The solution suggested and the OP is working on getting setup is one PC feeding an HDMI signal through his receiver and through his wired home setup
Yes, no backup solution is perfect, but as I've posted above, I've lost terabytes of data in an instant, always because of a brain fart moment. However, other than the time I had to re-rip my then 600+ DVD collection, I've always had a backup(s) to restore my loss within 48 hours. Everything I've posted on this thread and post on most threads is from real life experiences, not hypothetical what ifs!
Again, please, please, please stop and read all the OP's and my posts, before posting again as being perfectly blunt, you've added nothing new to this thread except retreading subjects that have already been recommended and discussed.
Last edited by lingyi; 7th Jan 2020 at 00:34.
My apologies to all now and in the future for what seem to rude, but I view a forum like a party. babygdav, you're acting like an intruder just listening to the last part of a conversation among others and rudely interrupting and inserting your opinions without understand the full context and direction of the conversation. I'm in no way saying that I'm 100% right in everything I've posted, it is after all just my opinion, but it's based on nearly 35 years of PC use and 20+ years of video collecting. And I'm still in my infancy compared to some of the other regulars here. I take that fact that they haven't jumped in and corrected/criticized my posts (as they have at other times and I truly appreciate) that at least for this situation, I'm hopefully helping the OP with a solution that's best for his situation.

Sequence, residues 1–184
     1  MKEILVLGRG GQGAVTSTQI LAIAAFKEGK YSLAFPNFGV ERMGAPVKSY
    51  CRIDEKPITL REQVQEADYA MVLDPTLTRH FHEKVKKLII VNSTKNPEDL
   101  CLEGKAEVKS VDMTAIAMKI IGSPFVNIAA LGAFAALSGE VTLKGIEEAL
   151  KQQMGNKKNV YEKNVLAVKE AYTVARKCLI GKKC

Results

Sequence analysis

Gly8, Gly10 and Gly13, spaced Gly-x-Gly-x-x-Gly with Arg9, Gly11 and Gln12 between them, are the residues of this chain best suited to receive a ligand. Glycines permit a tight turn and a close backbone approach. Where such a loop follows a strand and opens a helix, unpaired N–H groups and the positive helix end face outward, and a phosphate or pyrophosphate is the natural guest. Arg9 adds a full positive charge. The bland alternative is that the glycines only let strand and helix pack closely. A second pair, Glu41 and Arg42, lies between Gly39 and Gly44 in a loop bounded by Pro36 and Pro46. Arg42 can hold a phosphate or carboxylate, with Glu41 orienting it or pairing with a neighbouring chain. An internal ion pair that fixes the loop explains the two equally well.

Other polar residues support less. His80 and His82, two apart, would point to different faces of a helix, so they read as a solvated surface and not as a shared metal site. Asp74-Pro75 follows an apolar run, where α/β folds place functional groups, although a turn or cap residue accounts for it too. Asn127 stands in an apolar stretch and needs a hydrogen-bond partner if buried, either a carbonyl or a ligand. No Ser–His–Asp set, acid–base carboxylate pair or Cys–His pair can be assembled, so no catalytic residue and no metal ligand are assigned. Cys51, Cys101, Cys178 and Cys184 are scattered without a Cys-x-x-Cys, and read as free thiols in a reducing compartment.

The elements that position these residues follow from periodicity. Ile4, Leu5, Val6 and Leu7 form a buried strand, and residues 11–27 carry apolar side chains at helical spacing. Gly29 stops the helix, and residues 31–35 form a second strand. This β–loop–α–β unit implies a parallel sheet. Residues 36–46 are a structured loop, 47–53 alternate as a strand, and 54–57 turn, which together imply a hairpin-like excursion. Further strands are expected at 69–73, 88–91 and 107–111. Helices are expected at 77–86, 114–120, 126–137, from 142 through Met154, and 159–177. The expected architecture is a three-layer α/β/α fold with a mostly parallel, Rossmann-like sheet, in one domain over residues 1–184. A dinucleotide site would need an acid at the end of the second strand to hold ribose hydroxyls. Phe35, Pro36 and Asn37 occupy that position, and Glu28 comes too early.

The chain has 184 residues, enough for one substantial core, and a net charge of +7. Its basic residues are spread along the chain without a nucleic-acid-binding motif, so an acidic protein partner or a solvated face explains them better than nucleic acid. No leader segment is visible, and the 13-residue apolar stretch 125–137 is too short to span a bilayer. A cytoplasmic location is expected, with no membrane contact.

No NAS, no RAID, no streaming (which the OP clarified he doesn't plan to do), no extra devices at this projector and/or his TV, no using his MAC, which doesn't have an optical drive. Just a single PC to which he can rip and store his DVDs and send the signal from over HDMI to both is projector and TV through his receiver and the very nice home remote system he has.